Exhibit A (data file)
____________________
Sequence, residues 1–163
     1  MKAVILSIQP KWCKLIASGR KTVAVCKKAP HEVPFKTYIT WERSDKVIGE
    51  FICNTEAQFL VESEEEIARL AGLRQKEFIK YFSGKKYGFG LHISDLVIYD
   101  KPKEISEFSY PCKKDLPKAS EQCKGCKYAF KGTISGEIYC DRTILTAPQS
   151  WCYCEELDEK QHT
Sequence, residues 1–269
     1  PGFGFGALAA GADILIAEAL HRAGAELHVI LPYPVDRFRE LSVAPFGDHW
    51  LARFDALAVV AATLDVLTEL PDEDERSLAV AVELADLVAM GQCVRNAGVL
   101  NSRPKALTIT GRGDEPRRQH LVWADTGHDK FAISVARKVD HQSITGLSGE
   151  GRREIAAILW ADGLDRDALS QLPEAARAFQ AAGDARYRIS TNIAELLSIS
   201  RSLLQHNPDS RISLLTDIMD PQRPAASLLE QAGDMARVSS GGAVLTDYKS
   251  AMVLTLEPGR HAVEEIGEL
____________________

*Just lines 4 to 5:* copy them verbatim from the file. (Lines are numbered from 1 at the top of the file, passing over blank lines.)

   101  KPKEISEFSY PCKKDLPKAS EQCKGCKYAF KGTISGEIYC DRTILTAPQS
   151  WCYCEELDEK QHT